“Would it be too gay if I brought my sewing?”
I’m not sure if my husband was joking or not, but I laughed mildly and said yes.
Today began the soccer season. Our son could barely sleep last night, his anticipation was so great, and this morning he was beside himself donning his puffy shin guards, sleek black shorts, and official town soccer jersey. Our daughter had a practice earlier this week, so the excitement for her first game today wasn’t quite as great as her younger brother, who would be practicing with his team for the thirty minutes prior to the big game.
We live only a few blocks away from the soccer field, so we walked to the field, our son toting his cleats and water bottle in a tiny backpack that he complained was too heavy, my husband lugging a set of double-wide camping chairs, and my daughter and I carrying only our morning beverage, as we are both clearly the royalty in the family and can’t be bothered to break a sweat with anything even mildly burdensome.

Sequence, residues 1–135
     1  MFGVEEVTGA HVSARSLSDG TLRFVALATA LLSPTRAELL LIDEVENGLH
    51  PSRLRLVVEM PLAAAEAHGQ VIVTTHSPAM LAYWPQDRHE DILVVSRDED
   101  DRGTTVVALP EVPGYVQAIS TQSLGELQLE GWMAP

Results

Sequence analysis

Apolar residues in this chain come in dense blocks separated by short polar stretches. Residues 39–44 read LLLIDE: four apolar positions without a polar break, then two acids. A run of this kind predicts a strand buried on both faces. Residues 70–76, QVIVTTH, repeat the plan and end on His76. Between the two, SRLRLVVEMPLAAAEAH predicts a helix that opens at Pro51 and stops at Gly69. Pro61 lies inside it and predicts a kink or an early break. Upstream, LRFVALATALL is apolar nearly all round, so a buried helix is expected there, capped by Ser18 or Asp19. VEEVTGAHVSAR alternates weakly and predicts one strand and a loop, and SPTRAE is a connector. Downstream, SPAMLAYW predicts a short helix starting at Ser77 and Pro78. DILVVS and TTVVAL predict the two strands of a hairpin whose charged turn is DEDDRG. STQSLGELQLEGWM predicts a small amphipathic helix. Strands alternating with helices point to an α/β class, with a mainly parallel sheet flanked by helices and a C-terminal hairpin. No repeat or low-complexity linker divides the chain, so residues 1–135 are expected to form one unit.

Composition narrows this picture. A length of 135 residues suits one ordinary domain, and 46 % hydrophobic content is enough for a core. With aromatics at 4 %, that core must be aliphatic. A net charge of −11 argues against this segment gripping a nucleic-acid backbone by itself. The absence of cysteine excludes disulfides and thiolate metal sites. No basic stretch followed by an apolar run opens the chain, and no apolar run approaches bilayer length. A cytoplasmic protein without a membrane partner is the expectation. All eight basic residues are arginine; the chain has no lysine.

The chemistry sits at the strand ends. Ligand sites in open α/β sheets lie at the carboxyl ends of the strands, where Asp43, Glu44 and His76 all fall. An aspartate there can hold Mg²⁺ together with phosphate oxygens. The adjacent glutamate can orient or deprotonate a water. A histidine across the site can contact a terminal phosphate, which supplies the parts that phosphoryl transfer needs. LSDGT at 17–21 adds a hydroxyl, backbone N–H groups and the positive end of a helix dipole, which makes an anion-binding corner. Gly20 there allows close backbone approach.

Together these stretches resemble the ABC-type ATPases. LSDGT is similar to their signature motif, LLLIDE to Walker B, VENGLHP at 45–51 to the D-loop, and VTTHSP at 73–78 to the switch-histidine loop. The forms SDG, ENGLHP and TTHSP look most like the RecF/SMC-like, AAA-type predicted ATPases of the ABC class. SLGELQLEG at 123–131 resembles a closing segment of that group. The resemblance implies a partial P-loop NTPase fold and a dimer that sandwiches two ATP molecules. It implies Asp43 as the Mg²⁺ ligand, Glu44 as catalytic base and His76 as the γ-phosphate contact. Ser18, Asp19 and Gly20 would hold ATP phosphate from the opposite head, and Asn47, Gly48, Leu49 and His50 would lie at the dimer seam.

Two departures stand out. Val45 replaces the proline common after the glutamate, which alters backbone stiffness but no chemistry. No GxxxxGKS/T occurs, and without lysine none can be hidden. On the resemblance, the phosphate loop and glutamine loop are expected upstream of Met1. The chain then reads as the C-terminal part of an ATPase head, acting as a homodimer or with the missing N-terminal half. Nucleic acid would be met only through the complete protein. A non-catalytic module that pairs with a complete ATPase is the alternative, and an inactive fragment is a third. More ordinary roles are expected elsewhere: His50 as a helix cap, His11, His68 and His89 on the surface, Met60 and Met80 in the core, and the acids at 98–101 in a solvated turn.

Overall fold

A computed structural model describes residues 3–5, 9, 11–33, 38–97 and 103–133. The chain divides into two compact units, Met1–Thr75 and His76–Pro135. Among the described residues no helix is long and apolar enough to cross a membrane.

We got to the field, laced up our son’s cleats, and off he went. Several of his Kindergarten classmates are on his team, including one of his best friends, so he felt right at home. Our daughter found an older sibling to play with, and my husband and I set up shop. We found a prime piece of real estate near the end of the field, unfolded our chairs, and sunk in.
As I sat there so early in the morning, bright green J. Crew polo providing my children an easy beacon of sight, hair perfectly coiffed with gel, legs daintily crossed, sipping my homemade chai latte from a stylish black travel mug, I looked around at the other dads. They were all wearing sweat pants and baseball caps, in faded t-shirts that read things like “Stinky Lobster,” and while none of us had shaved that morning, my stubbly face certainly looked like a choice of beauty regimen rather than a lack of effort. I looked at my husband as we sat, two grown men, so snugly close in our double-seated folding chair and told him, “We look really gay.”
“Good for us,” he said, smiling.
My husband is usually the one telling me we should tone it down, and this momentary role reversal was comforting for me. The other parents were perfectly nice to us, some we know from other activities, and I’d venture to say we might even be on the road to a real friendship with a few of them, so learning to embrace the differences that my family can’t avoid is a step in the right direction for all of us. Because seriously, I am never setting foot outside the house in sweat pants and a baseball cap.